dstillery pixel

A Brief History of Italians in Chicago

The great midwestern metropolis of Chicago is the third most populous city in America, following New York City and Los Angeles. In and around the city is also home to over half a million residents of Italian heritage. Surprisingly, the first Italian who came to Chicago arrived long before the city was established, even before the United States became a country.

Italians in the Windy City

Before the mass immigration of Italians to Chicago in 1850, a handful came to what would become the Windy City long before the American Revolution. The most notable Italian to set foot in Illinois was Enrico Tonti, from Gaeta, Italy. In 1680, he served as a soldier in the French Army and was a member of the La Salle Expedition. He became second in command of the operation. After his military service, along with his Franco-Italian cousin, Pierre de Liette, the two established a trading post in what is believed to be the modern-day Tribune Tower. The cousins closed in 1705 when the King revoked their trading license but this would not be the end of Italians in Chicago. 

Large waves of Genoese Italians started moving into the area in the 1850s. Many of these immigrants were primarily merchants, restaurateurs, and fruit sellers. Others were plaster workers, who mainly immigrated from Lucca, Tuscany. 

(Photo Credit: wetheitalians)

During the second immigration wave from 1880-1920, the Italians who made the voyage were from rural areas, mostly from southern Italy. The new immigrants who came to Chicago were mostly poor young men. By 1920, Chicago’s Italian population had surpassed that of New York City and Philadelphia. A third wave of Italian immigrants settled in Chicago coming from Calabria, Puglia and Sicily. 

World War II changed the lives of Italians, not only in Chicago but throughout the United States. Strict immigration laws limited immigration from Italy and other countries, slowing the growth of the foreign-born population. The war caused large labor shortages, making it challenging for Italians to find work. 

In the 1930s, Italian women and men worked predominantly in the garment industry and helped set up the Amalgamated Clothing Workers of America. Italians were engaged in the labor struggles with the Congress of Industrial Organizations.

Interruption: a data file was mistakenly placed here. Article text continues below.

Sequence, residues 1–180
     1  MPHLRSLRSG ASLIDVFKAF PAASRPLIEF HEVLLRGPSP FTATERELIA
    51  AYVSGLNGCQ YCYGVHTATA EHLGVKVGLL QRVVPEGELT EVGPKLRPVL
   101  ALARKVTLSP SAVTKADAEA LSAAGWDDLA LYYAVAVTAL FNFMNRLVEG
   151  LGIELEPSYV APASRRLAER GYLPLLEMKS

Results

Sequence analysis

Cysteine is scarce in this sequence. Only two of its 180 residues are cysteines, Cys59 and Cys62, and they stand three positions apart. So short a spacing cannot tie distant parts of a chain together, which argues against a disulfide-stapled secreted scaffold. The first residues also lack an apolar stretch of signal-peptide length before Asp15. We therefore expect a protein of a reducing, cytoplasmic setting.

(Photo Credit: Yesterday's America)

Italian Enclaves of Chicago

When Italian immigrants moved to Chicago, they took up residency on the Near West Side of the city. This area became Chicago’s Little Italy. The Little Italy population peaked during the 1950s and ‘60s and began to shrink when the University of Illinois was built in 1983. Currently, the boundaries of this neighborhood span between Ashland Avenue to the west and Interstate 90/94 to the east, the Eisenhower Expressway to the north, and Roosevelt to the south. However, there are Italian American communities spread throughout the city. . 

While Taylor Street was widely known as Chicago’s Little Italy, several other neighborhoods had dense Italian American populations. Little Sicily in the 22nd Ward in the city’s Near North Side neighborhood grew to be an enclave of nearly 20,000 Italians. If you go to Chicago today, Grand Avenue feels more like “Little Italy” than Taylor street. Many from Sicily and Puglia moved into this area. Grand Avenue is home to authentic Italian markets where you can find homemade sausages. The “Heart of Italy,” found on Chicago’s Lower West Side is home to many Northern Italians. 

(Photo Credit: Wetheitalians)

Chicago’s Italian Legacy

Many Italian enclaves were destroyed during the post-World War II era. These areas were the sites of expanding urban development with the construction of highways, public housing and new buildings like the University of Illinois Chicago. Although displaced, Italians still persisted. Rudolph J. Vecoli, author of “The Formation of Chicago's ‘Little Italies,’” stated that there are around 150 different Italian organizations in the area.

In 1945, the Italian Welfare Council was established to help provide recreational, educational, and social services to the community. It was replaced by the Italian American Civic Committee in 1952. Currently, this organization sponsors the annual Chicago Columbus Day Parade. 

Al Capone, although not originally from Chicago, made the Windy City his home. His criminal background and legacy created prejudices against Italian Americans, causing the community to fight for a clean hard working image they had already earned. Unfortunately, the media found gangsters and mobsters to be a cash cow. The making of several Italian mafia movies stems from the life and crimes of Al Capone. 

Chicago Italians created a strong persevering reputation that can’t be overshadowed by Al Capone’s notorious legacy. Frank Annunzio is one of Chicago’s leading Italian American congressmen and one of the people who fought to make Columbus Day a national holiday. Mother Frances Xavier Cabrini is the first woman and American citizen who was canonized as a saint. 

AJ Forrisi

Assistant Editor for America Domani, AJ Forrisi is a Brooklyn-based writer and photographer. His work focuses on food, travel, sports, landscapes, and urban scenes. You can find him on Instagram @aj.photo.works